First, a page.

Being several hundred miles away from my girlfriend for the summer is torture. And while I get to play with animals once in a while at work, the heat is killing me. So I am trying to live inside my brain to endure all of the natural disasters which I seem to be magnetized to. One of the problems I’ve been contemplating is the pixelation of spacetime.
A long time ago, a greek philosopher named Zeno of Elea proposed that the distance between any two points is infinitely divisible. This would mean that to get anywhere we would have to take an infinite amount of steps. He concluded that space, motion, and existence are illusions. But wait, there’s hope! Modern science believes that spacetime is not infinitely divisible.
The revelation did not come in response to Zeno, but with a little playing around with physics. Towards the end of the 19th century, Max Planck invented Planck units in a straightforward manner. He took all of the known constants in physics: G, h, c, Kb, and Ke, to determine the precise size of a single unit of spacetime. A Planck unit is 1.6 x 10-35 meters, and 5.4 x 10-44 seconds. But this solution also causes tremendous problems.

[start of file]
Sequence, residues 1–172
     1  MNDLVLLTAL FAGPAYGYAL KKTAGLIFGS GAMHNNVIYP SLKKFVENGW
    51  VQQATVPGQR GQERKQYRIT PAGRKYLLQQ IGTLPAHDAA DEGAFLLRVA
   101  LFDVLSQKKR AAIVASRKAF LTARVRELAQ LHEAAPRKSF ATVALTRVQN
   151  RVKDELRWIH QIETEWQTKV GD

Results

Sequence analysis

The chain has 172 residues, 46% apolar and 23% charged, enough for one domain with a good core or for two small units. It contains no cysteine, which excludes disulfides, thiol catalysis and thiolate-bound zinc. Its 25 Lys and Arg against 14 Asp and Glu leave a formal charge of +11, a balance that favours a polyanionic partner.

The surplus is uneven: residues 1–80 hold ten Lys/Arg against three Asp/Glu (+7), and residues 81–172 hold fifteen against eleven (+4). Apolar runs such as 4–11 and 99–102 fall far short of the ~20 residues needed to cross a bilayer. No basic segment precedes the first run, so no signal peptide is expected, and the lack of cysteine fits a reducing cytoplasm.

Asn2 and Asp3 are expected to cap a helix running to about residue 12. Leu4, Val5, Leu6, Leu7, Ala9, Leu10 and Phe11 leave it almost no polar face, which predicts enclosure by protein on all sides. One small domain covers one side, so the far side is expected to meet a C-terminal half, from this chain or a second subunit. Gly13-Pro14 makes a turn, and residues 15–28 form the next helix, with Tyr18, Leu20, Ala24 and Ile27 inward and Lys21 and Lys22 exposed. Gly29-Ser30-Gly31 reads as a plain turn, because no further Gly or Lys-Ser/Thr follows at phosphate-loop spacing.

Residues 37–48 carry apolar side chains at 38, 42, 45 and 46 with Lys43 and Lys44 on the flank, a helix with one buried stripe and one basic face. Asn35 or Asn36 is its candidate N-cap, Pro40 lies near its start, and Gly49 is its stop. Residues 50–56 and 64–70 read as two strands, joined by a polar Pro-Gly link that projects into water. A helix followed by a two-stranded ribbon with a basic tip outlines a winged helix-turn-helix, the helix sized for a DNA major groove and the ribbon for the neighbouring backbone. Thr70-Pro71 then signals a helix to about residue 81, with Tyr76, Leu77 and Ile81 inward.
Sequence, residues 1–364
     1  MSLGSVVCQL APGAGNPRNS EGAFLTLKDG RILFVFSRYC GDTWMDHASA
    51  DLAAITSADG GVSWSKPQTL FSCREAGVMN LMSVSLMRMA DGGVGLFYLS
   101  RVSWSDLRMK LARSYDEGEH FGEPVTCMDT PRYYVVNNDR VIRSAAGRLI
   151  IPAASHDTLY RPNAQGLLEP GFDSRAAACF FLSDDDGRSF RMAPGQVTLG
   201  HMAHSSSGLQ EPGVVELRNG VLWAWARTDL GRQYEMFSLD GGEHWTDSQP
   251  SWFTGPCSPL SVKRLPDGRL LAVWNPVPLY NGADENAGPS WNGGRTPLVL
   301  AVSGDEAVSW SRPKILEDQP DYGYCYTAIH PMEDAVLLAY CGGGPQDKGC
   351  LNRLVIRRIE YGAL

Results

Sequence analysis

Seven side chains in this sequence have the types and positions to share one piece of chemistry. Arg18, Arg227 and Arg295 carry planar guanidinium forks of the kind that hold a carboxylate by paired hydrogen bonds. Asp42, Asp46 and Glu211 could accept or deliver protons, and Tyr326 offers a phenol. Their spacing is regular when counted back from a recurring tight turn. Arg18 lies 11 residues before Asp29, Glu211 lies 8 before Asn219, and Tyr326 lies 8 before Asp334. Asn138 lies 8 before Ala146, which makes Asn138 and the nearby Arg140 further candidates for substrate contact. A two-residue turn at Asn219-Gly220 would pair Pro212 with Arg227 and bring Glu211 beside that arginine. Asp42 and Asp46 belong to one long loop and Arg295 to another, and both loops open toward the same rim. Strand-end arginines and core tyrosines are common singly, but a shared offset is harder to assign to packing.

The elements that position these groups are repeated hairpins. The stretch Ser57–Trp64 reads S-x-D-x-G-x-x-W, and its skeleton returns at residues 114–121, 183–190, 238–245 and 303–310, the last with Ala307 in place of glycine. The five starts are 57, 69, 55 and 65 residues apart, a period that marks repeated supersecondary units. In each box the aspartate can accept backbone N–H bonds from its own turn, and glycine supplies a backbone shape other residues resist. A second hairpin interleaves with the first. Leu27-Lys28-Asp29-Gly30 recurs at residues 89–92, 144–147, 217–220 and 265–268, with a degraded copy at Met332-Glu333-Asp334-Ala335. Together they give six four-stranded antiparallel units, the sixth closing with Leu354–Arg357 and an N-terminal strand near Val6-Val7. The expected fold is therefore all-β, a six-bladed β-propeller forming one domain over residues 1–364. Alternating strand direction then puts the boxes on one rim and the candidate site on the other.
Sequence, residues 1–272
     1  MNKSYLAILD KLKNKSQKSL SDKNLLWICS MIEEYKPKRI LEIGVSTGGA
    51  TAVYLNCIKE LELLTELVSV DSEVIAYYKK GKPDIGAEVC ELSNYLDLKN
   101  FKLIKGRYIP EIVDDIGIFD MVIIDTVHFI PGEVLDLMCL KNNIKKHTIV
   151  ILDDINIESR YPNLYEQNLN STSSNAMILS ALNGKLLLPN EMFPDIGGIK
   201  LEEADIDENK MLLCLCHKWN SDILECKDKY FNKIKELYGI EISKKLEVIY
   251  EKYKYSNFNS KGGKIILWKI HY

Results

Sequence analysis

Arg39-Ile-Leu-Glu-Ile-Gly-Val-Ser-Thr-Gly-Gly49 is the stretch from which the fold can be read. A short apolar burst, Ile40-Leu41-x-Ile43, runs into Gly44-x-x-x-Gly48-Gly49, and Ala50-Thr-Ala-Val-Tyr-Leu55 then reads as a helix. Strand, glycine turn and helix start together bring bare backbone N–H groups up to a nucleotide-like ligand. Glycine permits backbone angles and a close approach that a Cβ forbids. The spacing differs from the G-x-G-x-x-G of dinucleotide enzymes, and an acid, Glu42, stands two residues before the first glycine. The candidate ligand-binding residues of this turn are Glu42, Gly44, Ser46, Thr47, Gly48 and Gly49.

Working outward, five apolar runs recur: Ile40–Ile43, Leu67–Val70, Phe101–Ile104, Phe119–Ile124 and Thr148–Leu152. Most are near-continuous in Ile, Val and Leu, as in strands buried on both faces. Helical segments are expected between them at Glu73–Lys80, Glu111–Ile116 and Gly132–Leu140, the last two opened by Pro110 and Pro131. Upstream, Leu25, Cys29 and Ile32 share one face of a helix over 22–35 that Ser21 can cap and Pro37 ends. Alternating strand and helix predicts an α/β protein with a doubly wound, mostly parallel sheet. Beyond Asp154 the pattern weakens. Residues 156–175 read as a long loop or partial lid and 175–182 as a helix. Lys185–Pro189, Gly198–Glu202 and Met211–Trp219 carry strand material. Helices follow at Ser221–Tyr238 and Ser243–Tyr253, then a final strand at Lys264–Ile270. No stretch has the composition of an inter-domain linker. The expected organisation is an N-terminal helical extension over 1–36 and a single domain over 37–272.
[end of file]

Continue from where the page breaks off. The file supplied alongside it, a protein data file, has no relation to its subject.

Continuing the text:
When I first heard about spacetime pixelation, I was struck by the fact that at that level, geometry must be essentially like an atari video game. As an observer magnifies inwards, clean lines break into jagged staircases. The Euclidian sense of circles and triangles was laughable, and even fractal patterns would break down.
Secondly, it confuses me whether matter conducts or wades through spacetime. I feel it is a scientific assumption that spacetime is the medium in which matter exists. Matter is of course, just a form of energy; but we really have no idea why matter behaves in such super complex ways.
Assuming that energy and particles conduct within the medium of spacetime, it follows that particles simply exist within a Planck unit, and no motion within that unit is possible, or else it would be further divisible. Instead, motion is a conductive transfer from one pixel to another.
Futhermore, the arrangement of spacetime in relation to itself troubles me. Does it form a cubic lattice, as we artificially impose on it? Or does it form a chaotic mass, as gumballs in a jar slide into various patterns? What lies between spacetime?
According to relativity, spacetime is quite flexible, and can warp under gravitational stress, so how would one measure the change in that subjective unit, when it is the basis of our reality? I suppose that the irrationality of the smallest building blocks is necessary in order to compose the rational world. Just as mathematics is built of irrational assumptions.